When collected, the bushy rooibos plant is cut by hand, and its stems and leaves are bound into bundles. The packages are sorted and, after that, cut or bruised to encourage oxidation. Oxidation, or direct exposure to oxygen, brings out the plant's essential oils and helps the leaves develop their fantastic colour and flavour. The more oxidized the rooibos, the more red in colour and sweeter and richer in taste it becomes. This is the version we understand as red rooibos. A less oxidized rooibos is steamed and dried right away instead of oxidized, so it stays slightly green and keeps a grassy, mineral-like taste. This less oxidized version is called green rooibos.
Rooibos is likewise graded like tea from the Camellia sinensis plant, where the grade depends on the leaf to stem content ratio. Higher degrees of rooibos contains more delicious leaves and less stem and dust.
How is Rooibos Used?
Like any other tea or herbal infusion, rooibos is soaked in hot water to produce a tea-like beverage. Because it's a herb, rooibos is caffeine-free. So it's a popular alternative to traditionally caffeinated drinks like tea or coffee.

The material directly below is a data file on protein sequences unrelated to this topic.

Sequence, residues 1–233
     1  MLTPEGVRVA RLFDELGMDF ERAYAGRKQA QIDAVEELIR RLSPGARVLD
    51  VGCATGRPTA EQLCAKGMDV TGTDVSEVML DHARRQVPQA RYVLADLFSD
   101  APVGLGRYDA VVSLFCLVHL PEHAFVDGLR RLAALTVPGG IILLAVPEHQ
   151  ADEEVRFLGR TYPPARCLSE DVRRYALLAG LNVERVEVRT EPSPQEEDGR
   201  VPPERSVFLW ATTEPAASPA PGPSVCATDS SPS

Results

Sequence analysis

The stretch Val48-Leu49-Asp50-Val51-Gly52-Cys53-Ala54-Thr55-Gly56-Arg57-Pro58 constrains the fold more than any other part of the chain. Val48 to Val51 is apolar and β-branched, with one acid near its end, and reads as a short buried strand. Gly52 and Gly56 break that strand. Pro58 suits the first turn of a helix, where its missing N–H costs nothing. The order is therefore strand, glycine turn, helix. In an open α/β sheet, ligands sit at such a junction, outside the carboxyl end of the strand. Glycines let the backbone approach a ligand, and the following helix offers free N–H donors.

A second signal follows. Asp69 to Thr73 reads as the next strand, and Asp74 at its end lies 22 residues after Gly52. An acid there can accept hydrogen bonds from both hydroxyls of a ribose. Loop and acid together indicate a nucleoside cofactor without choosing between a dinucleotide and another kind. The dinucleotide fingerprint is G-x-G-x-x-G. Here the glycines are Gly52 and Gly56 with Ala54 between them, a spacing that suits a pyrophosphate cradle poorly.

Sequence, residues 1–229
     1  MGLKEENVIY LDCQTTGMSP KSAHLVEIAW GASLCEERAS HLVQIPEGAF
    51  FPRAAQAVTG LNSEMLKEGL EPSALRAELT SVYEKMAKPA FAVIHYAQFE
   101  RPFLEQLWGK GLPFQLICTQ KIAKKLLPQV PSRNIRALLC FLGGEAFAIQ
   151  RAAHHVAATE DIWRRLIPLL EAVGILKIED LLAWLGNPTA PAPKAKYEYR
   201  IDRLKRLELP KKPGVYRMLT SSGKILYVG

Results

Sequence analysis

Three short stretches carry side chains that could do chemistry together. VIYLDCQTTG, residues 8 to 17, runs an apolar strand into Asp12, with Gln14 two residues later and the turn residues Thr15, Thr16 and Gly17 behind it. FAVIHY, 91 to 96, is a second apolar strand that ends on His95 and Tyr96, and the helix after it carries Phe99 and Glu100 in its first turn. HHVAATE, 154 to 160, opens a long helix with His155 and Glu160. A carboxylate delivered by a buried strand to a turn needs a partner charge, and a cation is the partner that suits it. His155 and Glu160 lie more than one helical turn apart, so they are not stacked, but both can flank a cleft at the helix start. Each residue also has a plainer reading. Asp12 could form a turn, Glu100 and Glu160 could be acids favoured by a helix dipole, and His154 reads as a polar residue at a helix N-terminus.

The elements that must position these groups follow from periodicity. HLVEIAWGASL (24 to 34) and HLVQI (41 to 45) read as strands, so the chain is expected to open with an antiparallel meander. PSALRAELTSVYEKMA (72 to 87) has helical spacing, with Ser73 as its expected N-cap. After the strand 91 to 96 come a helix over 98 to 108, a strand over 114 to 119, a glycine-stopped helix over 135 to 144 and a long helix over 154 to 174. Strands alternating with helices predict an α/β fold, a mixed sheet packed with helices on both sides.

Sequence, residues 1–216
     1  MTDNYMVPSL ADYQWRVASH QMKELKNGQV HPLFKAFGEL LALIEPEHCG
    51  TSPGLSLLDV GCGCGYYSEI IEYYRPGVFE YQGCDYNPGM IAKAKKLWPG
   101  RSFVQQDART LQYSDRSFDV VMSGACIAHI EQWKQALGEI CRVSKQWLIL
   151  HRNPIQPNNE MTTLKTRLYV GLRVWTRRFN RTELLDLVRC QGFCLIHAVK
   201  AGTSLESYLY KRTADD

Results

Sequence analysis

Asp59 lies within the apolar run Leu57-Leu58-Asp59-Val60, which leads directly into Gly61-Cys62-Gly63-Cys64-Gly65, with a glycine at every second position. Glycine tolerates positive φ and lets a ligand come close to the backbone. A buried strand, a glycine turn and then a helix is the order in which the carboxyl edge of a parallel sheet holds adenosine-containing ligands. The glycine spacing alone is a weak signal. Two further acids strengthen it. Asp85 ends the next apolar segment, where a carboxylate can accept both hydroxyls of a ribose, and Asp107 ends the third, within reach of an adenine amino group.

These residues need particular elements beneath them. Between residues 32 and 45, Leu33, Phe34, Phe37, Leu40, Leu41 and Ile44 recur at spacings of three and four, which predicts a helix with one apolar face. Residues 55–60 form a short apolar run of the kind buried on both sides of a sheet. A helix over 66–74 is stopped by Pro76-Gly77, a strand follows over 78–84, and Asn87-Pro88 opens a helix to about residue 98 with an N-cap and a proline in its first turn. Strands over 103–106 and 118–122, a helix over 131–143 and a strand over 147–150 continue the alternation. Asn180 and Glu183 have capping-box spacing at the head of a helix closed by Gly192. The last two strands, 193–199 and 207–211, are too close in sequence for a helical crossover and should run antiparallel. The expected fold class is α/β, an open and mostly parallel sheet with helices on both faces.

Smoky, sweet, woody, grassy, vanilla, flower, geranium, honey, natural and caramel are just a handful of the words that can describe the taste spectrum of drinking a rooibos tea. Rooibos Herbal Tea brews into reddish-orange alcohol that yields woody and earthy notes with tips of sweet vanilla. Full-bodied and nutty, our rooibos has a creamy, lovely surface. Rooibos is scrumptious sipped by itself, but it likewise holds up to a splash of milk and a little sugar or honey, which is the traditional South African way to drink rooibos.
5 Health Benefits of Rooibos Tea (Plus Negative Effects).
We include items we believe are helpful for our readers. If you purchase through links on this page, we might earn a tiny commission. Here's our process.